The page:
Part of me wants to acknowledge that perhaps Sandler is woefully oblivious of the talent he possesses and is just a guy who doesn’t appreciate the potential to deliver great dramatic tales. But watching “Reign Over Me” confirms that he’s likely very aware of the talent he possesses and instead just chooses to have fun with a horrible comedy every once and a while. And I can respect that. Even if I’ll take “Reign Over Me” over “You Don’t Mess with the Zohan” any day of the week. Only one in the growing number of dramas specifically geared toward men, “Reign Over Me” is that middle of the roads melodrama that explores how grief and loss can often control the way we live.
It also shows how many times losing the ones we love can lead us into a path that we can never get out of, even if we have a base of friends and family devoted to our best interests. Director-Writer Mike Binder poses a wonderful dichotomy between the two men here who cross paths one day after Alan Johnson (Cheadle) recognizes Charlie (Sandler) on the street. After the fated crossing of paths occurs twice, Alan insinuates himself into Charlie’s life with the self-important intention to rescue him from the almost catatonic juvenile state he’s steeped in which revolves around video games, loss of memory, and a devotion to music. While the undertones of 9/11 keep Charlie an incredibly deep and tragic figure in the story, the real plot is focused on both gentlemen who are at a point in their lives where they covet each other.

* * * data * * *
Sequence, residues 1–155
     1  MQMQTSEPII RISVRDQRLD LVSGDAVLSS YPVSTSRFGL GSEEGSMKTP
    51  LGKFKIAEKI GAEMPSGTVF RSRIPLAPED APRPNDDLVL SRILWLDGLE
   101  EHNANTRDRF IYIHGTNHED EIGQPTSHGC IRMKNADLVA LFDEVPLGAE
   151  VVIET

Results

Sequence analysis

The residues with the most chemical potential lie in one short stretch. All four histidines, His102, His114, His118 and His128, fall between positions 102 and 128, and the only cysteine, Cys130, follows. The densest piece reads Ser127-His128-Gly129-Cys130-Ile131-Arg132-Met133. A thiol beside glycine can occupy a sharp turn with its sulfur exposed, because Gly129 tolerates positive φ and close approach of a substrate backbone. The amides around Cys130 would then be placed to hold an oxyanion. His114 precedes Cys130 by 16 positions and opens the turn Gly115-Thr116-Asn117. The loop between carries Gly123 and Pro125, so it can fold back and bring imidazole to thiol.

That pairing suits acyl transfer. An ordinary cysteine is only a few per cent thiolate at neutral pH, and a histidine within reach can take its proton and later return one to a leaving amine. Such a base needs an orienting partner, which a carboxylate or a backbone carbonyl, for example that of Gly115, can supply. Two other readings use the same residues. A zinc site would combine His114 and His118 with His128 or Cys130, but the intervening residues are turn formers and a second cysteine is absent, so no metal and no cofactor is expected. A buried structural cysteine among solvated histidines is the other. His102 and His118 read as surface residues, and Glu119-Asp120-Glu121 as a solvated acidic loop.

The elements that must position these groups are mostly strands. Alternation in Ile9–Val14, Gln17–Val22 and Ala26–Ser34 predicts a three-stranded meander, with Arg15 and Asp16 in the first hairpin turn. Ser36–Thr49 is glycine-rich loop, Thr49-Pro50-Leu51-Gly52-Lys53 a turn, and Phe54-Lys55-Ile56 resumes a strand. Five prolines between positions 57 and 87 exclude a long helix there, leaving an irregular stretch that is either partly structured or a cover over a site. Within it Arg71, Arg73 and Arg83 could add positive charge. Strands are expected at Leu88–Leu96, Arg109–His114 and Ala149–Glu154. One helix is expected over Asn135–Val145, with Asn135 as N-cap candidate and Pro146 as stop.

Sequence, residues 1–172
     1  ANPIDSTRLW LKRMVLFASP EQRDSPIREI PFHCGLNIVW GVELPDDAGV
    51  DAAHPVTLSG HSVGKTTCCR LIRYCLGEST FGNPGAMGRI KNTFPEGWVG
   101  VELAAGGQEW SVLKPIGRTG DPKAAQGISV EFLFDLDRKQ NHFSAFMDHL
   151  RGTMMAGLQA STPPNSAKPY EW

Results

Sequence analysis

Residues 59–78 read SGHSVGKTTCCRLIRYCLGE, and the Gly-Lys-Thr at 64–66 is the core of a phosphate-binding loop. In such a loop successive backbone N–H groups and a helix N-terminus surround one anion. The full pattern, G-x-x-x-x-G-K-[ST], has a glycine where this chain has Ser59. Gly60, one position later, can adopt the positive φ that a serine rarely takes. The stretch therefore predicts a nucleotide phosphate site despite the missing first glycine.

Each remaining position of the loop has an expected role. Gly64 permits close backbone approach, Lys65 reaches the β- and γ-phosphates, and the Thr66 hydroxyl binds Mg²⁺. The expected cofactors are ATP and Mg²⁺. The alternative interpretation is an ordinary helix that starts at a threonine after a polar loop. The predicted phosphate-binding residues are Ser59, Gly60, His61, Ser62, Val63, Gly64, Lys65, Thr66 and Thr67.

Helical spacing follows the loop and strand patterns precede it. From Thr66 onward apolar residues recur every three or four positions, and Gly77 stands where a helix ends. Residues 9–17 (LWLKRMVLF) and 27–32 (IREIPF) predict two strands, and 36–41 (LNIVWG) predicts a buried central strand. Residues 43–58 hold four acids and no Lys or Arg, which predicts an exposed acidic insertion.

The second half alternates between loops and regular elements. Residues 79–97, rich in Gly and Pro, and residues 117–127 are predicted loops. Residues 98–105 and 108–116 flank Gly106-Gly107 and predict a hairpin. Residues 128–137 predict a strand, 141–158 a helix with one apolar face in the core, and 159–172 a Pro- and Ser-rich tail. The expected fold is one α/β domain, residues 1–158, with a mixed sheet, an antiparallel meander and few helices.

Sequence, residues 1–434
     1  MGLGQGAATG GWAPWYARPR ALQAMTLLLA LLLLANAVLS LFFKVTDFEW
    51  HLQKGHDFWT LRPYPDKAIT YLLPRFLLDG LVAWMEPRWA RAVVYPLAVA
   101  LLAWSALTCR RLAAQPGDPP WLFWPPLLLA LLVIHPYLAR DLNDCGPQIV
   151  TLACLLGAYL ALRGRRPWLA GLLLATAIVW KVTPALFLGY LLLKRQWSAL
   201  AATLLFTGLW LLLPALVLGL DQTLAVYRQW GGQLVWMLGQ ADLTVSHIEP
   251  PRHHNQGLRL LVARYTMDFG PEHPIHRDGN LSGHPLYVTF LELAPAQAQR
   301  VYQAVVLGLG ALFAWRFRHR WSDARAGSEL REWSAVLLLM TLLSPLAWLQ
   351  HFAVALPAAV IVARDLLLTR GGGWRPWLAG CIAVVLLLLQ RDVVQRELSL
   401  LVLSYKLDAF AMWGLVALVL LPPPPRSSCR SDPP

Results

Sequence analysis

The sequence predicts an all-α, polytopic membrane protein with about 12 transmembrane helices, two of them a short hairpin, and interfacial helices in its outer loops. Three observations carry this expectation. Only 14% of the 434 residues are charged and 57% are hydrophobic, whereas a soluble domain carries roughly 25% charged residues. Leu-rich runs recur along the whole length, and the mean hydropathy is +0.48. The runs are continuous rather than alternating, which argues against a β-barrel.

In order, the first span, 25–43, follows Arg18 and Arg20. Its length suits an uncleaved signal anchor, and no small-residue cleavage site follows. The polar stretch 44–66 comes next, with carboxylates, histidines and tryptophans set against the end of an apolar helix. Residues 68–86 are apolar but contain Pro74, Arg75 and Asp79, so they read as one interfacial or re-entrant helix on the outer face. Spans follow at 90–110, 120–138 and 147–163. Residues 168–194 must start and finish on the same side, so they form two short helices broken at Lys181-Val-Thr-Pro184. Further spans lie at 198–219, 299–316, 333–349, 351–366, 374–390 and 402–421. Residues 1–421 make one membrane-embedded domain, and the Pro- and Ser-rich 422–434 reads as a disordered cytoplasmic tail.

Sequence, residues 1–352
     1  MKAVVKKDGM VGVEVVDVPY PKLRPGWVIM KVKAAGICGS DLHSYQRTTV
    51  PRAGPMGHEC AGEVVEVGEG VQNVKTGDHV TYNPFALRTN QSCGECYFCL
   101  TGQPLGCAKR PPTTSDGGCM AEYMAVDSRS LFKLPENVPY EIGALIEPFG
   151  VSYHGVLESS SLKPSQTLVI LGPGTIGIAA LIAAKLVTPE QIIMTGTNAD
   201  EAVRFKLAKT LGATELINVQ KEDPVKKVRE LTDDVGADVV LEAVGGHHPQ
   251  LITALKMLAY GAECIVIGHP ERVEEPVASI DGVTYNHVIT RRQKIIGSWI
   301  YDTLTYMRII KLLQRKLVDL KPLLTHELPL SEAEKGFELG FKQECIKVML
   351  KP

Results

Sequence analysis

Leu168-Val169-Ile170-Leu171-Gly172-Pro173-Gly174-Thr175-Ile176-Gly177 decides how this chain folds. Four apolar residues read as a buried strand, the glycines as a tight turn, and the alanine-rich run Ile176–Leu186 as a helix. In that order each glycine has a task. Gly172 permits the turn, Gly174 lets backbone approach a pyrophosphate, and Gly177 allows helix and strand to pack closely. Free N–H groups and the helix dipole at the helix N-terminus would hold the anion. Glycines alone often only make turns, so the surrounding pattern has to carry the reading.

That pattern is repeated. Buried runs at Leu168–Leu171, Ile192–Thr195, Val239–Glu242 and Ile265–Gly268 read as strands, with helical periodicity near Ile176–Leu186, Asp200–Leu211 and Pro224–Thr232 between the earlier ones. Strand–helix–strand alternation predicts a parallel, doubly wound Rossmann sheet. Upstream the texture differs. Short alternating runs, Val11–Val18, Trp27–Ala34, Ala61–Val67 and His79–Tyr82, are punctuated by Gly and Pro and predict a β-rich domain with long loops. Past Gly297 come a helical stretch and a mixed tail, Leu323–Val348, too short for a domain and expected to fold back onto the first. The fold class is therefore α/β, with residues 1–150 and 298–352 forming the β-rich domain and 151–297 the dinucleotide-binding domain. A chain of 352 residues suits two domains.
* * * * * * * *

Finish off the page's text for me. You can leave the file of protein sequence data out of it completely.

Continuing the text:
Alan is a man with everything to lose who is constantly approached by gorgeous women seeking him as a conquest. And in a way the temptation is almost so overwhelming he resists it with an aggression that shows a knowing in him that he may eventually slip up and give in. Alan is a man who may not enjoy being a family man. Charlie provides him with an excuse to dodge responsibilities and family life doldrums to escape into Charlie’s carefree world, which wife Janeane (Pinkett Smith) catches on to almost instantly. His pretense at first is to live Charlie’s almost boundless life of late night movies, and bars, but Charlie soon displays how truly miserable he is and his apathetic reaction to a tragedy in Alan’s life shows that the grass is almost always greener. “Reign Over Me” has every chance to be manipulative and cheap, but it’s thankfully subtle in its struggles of Charlie to come to grips with his family dying in one of the ill-fated planes during 9/11.
Alan gains a purpose to dig this man out of his rut and finally bring him to a point where he can exist among normal society. Cheadle is strong as the mild mannered dentist who finds himself near middle aged and not enjoying his current life, while Sandler is fantastic as this spastic, almost hopeless shell incapable of moving on with his life as he clings to the threads of his daughters and beloved wife. Binder has the foresight to end the movie on a simple scene rather than draw it out, and it helps pace “Reign Over Me” along as a rather good drama about family, and dealing with terrible loss in a senseless tragedy. I had zero expectations for Sandler’s dramatic effort, and that’s likely why I enjoyed “Reign Over Me” so much. It’s a gripping and very sad glimpse at grief and it’s lasting effects on us when we truly lose something we cherish.